The June 17 announcement of the U.K.’s intention to join the Comprehensive and Progressive Agreement for Trans-Pacific Partnership (CPTPP) was one of the more positive pieces of recent news, coming just a week after the U.K. and Japan commenced their free trade negotiations.
Japan accounts for nearly half of CPTPP GDP and became a strong driving force in concluding an America-free agreement after President Donald Trump withdrew from the grouping. The U.K.’s entry into the CPTPP would be a welcome development, with the possibility of further expanding the bloc and making it more attractive to other prospective members.
The British, for their part, are keen to deepen trading relationships after their withdrawal from the European Union. Specifically, U.K. Trade Secretary Elizabeth Truss described Britain’s relationship with Japan as “absolutely critical.” Clearly, stronger Japanese ties would be a positive development for a post-Brexit U.K., which needs to rework its future trading agreements with the rest of the world. Given that Japan is already Britain’s 11th largest trading partner, and Japan is Britain’s 12th largest, closer ties not only make sense, but should also be achievable.
The earlier incarnation of the Trans-Pacific Partnership (TPP) was originally envisaged as an economic pillar supporting former President Barack Obama’s “pivot to Asia.” In the view of the Obama administration, the TPP was intended to be a “cornerstone of peace and stability in the region” – but U.S. participation was scrapped by Trump on his third day in office.
With the United States having shunned the dream of a trading bloc that would have accounted for 40 percent of world trade, it was Japan that took the lead in making the TPP a reality, even compromising its positions in hitherto sacrosanct areas such as agriculture. In 2019 Japan concluded an FTA with the United States independent of the TPP, but has kept the door open for the U.S. to potentially join the bloc in the future. The original grand TPP vision of including other neighbors, particularly China and South Korea, endures.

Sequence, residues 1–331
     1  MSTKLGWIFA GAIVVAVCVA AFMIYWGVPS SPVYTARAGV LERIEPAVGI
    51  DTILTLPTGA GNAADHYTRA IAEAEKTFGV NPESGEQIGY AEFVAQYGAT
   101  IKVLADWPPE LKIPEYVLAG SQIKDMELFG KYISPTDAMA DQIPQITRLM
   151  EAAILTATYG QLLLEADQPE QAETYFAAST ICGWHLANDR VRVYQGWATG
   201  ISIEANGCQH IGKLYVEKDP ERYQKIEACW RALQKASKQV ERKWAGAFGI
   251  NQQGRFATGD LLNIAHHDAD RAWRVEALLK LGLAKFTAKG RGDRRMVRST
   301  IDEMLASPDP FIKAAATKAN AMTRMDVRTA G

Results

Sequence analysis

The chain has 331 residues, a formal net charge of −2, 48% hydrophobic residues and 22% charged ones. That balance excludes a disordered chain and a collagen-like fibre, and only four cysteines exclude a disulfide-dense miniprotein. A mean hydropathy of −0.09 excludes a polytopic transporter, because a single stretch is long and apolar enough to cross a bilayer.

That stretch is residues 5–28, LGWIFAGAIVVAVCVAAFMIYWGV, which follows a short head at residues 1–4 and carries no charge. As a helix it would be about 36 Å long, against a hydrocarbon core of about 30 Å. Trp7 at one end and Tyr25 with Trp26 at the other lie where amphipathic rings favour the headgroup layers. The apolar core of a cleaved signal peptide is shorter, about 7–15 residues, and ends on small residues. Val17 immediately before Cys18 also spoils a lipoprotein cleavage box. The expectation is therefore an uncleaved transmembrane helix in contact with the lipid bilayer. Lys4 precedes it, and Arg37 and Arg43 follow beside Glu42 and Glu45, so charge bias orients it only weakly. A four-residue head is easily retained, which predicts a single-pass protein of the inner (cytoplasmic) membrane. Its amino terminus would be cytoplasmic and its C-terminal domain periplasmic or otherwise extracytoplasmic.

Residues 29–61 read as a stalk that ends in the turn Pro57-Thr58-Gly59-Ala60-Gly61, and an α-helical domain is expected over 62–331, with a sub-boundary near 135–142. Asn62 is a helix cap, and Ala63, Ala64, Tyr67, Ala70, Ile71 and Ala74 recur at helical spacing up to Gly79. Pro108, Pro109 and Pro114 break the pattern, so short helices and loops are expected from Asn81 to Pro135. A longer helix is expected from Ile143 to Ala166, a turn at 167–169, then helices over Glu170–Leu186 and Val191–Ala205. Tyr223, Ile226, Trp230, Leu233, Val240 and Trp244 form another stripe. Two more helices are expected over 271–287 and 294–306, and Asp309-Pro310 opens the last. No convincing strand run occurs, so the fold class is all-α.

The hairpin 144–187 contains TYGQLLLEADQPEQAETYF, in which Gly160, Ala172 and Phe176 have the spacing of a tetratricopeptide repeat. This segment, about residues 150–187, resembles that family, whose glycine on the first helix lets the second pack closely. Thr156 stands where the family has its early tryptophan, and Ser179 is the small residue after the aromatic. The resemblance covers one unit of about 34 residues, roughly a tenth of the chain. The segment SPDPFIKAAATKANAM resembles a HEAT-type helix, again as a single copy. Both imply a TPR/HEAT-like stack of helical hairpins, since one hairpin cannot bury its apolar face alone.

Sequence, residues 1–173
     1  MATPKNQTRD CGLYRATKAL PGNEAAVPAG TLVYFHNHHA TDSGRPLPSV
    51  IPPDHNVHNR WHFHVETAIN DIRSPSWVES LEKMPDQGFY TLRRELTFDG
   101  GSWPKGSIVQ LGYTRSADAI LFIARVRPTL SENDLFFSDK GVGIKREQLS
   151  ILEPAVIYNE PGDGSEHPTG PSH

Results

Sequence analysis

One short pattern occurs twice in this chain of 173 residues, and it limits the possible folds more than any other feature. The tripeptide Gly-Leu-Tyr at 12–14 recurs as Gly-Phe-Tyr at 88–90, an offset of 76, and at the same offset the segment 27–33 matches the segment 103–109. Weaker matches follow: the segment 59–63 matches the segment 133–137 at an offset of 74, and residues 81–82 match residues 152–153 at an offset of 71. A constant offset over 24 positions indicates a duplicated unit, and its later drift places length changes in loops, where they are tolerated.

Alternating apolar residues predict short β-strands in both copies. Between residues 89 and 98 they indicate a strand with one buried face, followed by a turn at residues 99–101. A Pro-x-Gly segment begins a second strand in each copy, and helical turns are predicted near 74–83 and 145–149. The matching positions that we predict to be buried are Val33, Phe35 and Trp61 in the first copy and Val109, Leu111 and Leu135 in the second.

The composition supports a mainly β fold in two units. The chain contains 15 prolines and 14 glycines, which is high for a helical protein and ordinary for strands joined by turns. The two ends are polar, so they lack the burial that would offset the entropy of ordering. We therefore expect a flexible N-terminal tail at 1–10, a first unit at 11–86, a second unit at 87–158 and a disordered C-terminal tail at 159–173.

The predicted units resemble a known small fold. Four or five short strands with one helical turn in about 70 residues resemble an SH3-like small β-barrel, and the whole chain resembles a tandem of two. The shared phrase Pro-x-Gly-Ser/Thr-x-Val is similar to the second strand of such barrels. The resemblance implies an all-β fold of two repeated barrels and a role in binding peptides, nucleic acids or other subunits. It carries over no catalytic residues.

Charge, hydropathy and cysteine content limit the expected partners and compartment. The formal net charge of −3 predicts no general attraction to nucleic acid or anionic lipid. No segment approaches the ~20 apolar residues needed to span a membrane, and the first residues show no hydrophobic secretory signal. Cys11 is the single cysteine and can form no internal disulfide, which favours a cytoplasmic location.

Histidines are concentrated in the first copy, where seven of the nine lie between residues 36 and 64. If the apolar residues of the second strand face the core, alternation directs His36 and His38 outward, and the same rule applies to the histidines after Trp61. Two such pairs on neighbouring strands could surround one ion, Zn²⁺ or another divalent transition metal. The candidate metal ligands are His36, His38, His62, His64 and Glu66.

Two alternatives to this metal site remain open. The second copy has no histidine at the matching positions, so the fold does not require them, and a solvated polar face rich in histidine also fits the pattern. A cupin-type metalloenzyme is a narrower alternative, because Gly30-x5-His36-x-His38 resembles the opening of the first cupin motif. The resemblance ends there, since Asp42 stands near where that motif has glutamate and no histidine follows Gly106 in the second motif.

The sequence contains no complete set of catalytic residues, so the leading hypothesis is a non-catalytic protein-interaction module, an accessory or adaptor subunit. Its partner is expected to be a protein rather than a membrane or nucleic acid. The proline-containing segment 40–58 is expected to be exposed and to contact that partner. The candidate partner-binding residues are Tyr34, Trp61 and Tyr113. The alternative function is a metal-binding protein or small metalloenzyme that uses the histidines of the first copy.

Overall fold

What would closer trade ties between Japan and the U.K. deliver? For Japan, there is no illusion that the U.K. would, in any way, replace the importance of the U.S. After all, the United States is Japan’s only ally in defense and the United Kingdom’s interests in the Asia-Pacific region are somewhat different from those of the United States. Nevertheless, the U.K. is comfortable company for Japan to court. There have been minimal trading frictions or diplomatic tensions in modern times. Japan is unflinchingly supportive of the U.K. joining the CPTPP and has pledged that it will “spare no efforts” in this endeavor. Stronger trade ties would boost the Japanese economy while making the United Kingdom and Japan closer still in terms of their diplomatic relations.
Despite Japan’s positive views toward the U.K.’s CPTPP participation, Brexit has been a concern. The commencement of bilateral talks provides much needed reassurance.
The British approach to trade is pragmatic. While joining the CPTPP, given that it represents 13 percent of world GDP, would be optimal, bilateral talks with Japan and, indeed, with other CPTPP members, provide alternate routes toward free trade in the event that an all-encompassing CPTPP arrangement for the U.K. cannot be concluded.
Although trade agreements are often time-consuming to achieve, with naysayers pointing to the EU-Japan Economic Partnership Agreement (EPA) negotiations lasting six years, Japan and the U.K. already start from a position of close alignment, meaning that progress could be swift. Other CPTPP members have already indicated their enthusiasm to progress deals with the British without delay. Indeed, Australian Trade Minister Simon Birmingham stated last week that an Anglo-Australian trade deal might even be achievable by the end of 2020.
While the United Kingdom formally left the EU on January 31, it enjoys transitional arrangements with the EU that include trade through to the end of 2020. Some have suggested that these arrangements could be extended, in line with the provisions of the EU withdrawal treaty. Such speculation is, however, naïve and ignores a British realpolitik that precludes a government, elected in a landslide victory under the mantra of “Get Brexit Done” being able to instigate any such extension. Given the certainty of the U.K. and EU transitional arrangements ending on December 31, the pressure is therefore on for London to rapidly conclude a free trade agreement with the EU, as well as with its non-EU trading partners. Progress in trade talks outside of Europe can only strengthen the British hand in its negotiations with the EU.
The logic of closer Anglo-Japanese trade ties, either through a bilateral arrangement or under the CPTPP, is clear. Such an achievement would represent a clear economic and diplomatic win for both nations. With political will on both sides to maintain the current momentum, such a deal is well within reach.
Yukari Easton is a researcher and a 2014-2015 ACE-Nikaido Fellow at the East Asian Studies Center at University of Southern California whose research focus is upon international relations, diplomacy, and security issues in the Asia-Pacific region. Previously, she worked for ten years in international banking in Europe and Asia.